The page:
5. ^ "Egyptian goddesses" The Oxford Companion to World mythology. David Leeming. Oxford University Press, 2004. Oxford Reference Online. Oxford University Press. Southeast Missouri State University. 7 May 2009
  6. ^ a b The Oxford Encyclopedia of Ancient Egypt, by Leonard H. Lesko, 2001.
  7. ^ Clark, R. T. Rundle. Myth and Symbol in Ancient Egypt. London: Thames and Hudson Ltd, 1959.
  8. ^ Hart, George Routledge dictionary of Egyptian gods and goddesses Routledge; 2 edition (15 Mar 2005) ISBN 978-0415344951 p.111 [1]
  9. ^ "Papyrus of Ani: Egyptian Book of the Dead", Sir Wallis Budge, NuVision Publications, page 57, 2007, ISBN 1595479147
  10. ^ Women of Ancient Egypt and the Sky Goddess Nut, by Susan Tower Hollis The Journal of American Folklore © 1987
  • Collier, Mark and Manley, Bill. How to Read Egyptian Hieroglyphs: Revised Edition. Berkeley: University of California Press, 1998.
  • "Egyptian goddesses" The Oxford Companion to World mythology. David Leeming. Oxford University Press, 2004. Oxford Reference Online. Oxford University Press. Southeast Missouri State University. 7 May 2009.
  • "Papyrus of Ani: Egyptian Book of the Dead", Sir Wallis Budge, NuVision Publications, page 57, 2007.
  • The Oxford Encyclopedia of Ancient Egypt, by Leonard H. Lesko, 2001.
  • Women of Ancient Egypt and the Sky Goddess Nut, by Susan Tower Hollis The Journal of American Folklore, 1987.

Simple English

For the dry seed of some plants see nut (fruit), other uses are at nut

[[File:|right|175px|thumbnail|The sky goddess Nut as a cow]]

Nut (nwt)
in hieroglyphs
W24*t:N1[1]

In Egyptian mythology, Nut was the goddess of the sky. Her body made a protective layer over the Earth. Nut was the sister and wife of Geb, and the mother of Isis, Osiris, Nephthys, Horus and Seth.

The ancient Egyptians believed that Nut swallowed the sun-god, Ra, every night and gave birth to him every morning

Contents

Worship

Although Nut was pictured in many temples and tombs, as well as on ceilings, she had no building of her own like other major gods and goddesses. She was not well observed in popular places.

Purpose

Nut (pronounced NOOT) was the goddess of the sky, but had many other purposes as well. She had three other names: Nuit, Newet, and Nueth. Nut was known as the mother of all gods, including Ra (her grandfather and husband) because she swallowed him up every night and gave birth to him again in the morning. She was also the mother of heavenly bodies, whose laughter was thunder and tears were rain. She often carried the sun across the sky. She played a part in funeral beliefs and was sometimes drawn on the tops of sarcophagi. Nut was one of the nine major gods. She was the personification of the sky and the heavens. Egyptians called her "the mother of the sky". Nut was one of the oldest deities among history.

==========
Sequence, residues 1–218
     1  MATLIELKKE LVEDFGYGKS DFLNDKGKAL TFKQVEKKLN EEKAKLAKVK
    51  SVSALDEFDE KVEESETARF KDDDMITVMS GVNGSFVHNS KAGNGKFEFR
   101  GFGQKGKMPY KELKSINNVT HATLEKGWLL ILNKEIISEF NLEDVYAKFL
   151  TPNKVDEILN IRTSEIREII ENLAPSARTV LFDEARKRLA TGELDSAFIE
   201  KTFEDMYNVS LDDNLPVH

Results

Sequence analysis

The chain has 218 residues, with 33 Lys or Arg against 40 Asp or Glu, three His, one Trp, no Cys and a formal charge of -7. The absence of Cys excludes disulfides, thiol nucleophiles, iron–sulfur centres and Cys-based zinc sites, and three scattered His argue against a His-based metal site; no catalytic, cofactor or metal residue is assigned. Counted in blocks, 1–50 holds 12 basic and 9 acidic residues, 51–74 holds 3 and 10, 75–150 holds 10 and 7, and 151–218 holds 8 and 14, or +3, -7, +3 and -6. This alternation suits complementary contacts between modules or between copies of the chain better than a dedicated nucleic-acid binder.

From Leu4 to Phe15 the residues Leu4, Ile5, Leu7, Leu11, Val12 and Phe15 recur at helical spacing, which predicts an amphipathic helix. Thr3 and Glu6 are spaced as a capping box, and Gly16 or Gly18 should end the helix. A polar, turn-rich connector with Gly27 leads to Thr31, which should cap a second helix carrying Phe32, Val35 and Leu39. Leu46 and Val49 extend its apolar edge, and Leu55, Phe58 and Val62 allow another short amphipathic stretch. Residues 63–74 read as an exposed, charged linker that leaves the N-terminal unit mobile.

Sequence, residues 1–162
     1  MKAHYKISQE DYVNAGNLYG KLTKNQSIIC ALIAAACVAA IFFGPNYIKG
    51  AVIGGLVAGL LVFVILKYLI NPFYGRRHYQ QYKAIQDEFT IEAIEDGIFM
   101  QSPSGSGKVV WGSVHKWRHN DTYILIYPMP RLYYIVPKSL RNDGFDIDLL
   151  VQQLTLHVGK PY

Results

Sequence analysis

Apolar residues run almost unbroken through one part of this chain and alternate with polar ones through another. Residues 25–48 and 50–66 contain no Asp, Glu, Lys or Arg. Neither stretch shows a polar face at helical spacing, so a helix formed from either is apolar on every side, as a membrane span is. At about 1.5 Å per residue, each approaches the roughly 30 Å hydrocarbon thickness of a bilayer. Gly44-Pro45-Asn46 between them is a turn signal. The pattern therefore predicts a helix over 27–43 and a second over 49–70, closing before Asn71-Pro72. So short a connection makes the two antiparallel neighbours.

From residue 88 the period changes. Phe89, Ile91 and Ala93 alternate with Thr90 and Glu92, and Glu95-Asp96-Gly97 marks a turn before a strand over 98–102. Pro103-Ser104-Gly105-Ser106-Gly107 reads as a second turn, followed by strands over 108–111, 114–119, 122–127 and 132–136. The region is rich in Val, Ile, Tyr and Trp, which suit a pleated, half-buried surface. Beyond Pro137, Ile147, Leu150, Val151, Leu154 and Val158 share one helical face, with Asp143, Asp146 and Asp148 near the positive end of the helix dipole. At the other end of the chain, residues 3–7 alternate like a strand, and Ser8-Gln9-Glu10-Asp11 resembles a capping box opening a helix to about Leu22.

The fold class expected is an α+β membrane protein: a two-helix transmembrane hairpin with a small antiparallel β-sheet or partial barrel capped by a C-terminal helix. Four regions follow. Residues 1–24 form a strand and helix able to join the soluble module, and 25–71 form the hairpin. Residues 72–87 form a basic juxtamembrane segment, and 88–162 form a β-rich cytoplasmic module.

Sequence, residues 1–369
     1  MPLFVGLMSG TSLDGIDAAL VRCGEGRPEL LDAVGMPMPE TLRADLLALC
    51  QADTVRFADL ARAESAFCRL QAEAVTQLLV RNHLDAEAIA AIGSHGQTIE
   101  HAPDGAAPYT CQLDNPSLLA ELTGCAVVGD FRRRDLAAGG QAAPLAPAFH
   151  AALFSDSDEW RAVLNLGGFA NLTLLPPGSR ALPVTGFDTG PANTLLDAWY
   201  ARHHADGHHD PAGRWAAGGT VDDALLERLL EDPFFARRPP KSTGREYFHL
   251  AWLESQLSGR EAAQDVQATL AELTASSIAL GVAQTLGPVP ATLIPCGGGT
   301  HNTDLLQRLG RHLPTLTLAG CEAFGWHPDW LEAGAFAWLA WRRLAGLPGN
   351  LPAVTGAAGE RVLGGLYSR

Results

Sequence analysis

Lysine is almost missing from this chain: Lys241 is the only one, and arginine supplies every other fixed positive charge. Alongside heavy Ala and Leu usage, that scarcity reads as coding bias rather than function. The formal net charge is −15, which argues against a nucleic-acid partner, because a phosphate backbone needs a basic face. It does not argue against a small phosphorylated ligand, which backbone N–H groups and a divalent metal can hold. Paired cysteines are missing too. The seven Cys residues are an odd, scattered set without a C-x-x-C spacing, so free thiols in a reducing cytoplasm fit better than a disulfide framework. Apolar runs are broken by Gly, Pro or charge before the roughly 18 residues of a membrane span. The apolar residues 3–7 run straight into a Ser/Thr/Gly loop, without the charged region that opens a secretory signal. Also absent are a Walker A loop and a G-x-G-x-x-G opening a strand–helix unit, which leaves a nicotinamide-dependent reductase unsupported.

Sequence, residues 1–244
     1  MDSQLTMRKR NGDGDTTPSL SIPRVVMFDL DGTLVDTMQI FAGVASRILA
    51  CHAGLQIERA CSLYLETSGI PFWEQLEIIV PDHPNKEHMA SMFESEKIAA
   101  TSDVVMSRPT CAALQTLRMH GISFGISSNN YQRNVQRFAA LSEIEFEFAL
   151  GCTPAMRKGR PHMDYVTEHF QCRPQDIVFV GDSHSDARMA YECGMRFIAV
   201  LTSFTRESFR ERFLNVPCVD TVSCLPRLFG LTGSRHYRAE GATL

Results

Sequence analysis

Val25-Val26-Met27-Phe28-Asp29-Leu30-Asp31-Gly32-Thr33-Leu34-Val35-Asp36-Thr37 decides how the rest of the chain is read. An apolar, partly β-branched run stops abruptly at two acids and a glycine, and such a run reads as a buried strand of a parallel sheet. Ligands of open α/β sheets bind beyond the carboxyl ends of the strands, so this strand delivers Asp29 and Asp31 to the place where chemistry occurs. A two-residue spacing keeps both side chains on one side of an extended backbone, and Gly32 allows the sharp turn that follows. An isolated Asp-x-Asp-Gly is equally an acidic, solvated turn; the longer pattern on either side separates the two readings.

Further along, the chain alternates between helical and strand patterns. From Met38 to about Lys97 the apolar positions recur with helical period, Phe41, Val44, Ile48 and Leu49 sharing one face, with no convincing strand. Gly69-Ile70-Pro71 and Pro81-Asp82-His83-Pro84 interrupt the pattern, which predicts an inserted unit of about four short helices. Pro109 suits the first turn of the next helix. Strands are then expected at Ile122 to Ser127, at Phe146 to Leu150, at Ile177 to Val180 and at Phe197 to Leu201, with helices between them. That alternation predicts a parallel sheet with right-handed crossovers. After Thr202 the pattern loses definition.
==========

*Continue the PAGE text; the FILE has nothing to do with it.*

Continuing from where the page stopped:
Appearance

As the sky goddess, Nut was shown arching over Geb, her fingertips near his head and her toes by his feet. She was commonly pictured dark blue and wore no robes, although some Egyptians believed that Nut wore a rainbow-colored robe, with stars all over her body. Big paintings of her were often found on ceilings of tomb chambers. She can be seen with small vulture wings or a vase on her head. She was often shown as a big cow, when carrying the sun across the sky. The cow was a very motherly figure.

Personality

Nut was a very beautiful and kind goddess. She was loving and caring, so she fell in love with Thoth, the god of scribes and wisdom, and Geb, the god of the Earth. She was a very motherly figure, which then again shows how generous and kind she was. Nut was a very strong and independent goddess, for she would not marry just any person she was forced to; she did what she wanted.

Family

Nut had a strong relationship with Geb, her twin brother and Thoth the god of scribes and wisdom. She was the goddess of the sky and Geb was the god of the earth. In the morning they were separated but at night they came together, which created the darkness. This is a story the ancient Egyptians used to explain their 365-day calendar. Nut loved Geb and Thoth but she was married to Ra. When Ra found out about her secret loves he was furious. He told Nut that she could not have any children in the 360 days of the year. This saddened her so she went to Thoth for help. He created 5 more days so she and Geb had five children: Osiris was first, Horus was second, Set was third, Isis was fourth and Nephthys was the fifth. These days were called the Demon Days.[needs proof] She and Ra also had one daughter named Hathor.

Calendar

The ancient Egyptians had three calendars, but the Agricultural one was the one that was used in everyday life. It was made up of three seasons, each containing four months. The seasons were Akhet, (the inundation) Peret (when the water retreated) and Shemu (harvest season). Nut liked Geb but Ra did not like that so he told Shu their father the earth god to separate them. Then Ra put a curse on Nut so she could not have babies on any of the three-hundred sixty days of the year. Thoth wanted to let Nut able to have babies so he challenged Ra to a game draughts. If he won he would be able to add five days of the year if he lost he would be killed. Obviously Thoth won and got five more days for the year. On the first day Nut had Osiris, on the second day she had Haroesythys, After a long time the Egyptians realized the calendar was off because they didn’t have the quarter day at the end, like we do by having leap year. The calendar said it was flood season but the flood didn’t come until later. The ancient Egyptians noticed the star Sirius would rise right before the flood. They used this as the beginning of the year and the beginning of the flood.

Notes and references

  1. Fleming, Fergus & Lothian, Alan The Way to Eternity P. 52
  2. Lesko, Barbara The Great Goddesses of Egypt Pp. 22-23
  3. Thames & Hudson The Complete Gods and Goddesses of Ancient #Egypt p. 160-61
  4. Lons, Veronica, Egyptian Mythology Pp. 48-50
  5. Lurker, Manfred The Gods and Symbols of Ancient Egypt P. 90
  1. The hieroglyphics (top right) spell nwt or nut. Egyptians never wrote Nuit. (Collier and Manley p. 155)

Other websites

  1. The hieroglyphics (top right) spell nwt or nut. Egyptians never wrote Nuit. (Collier and Manley p. 155)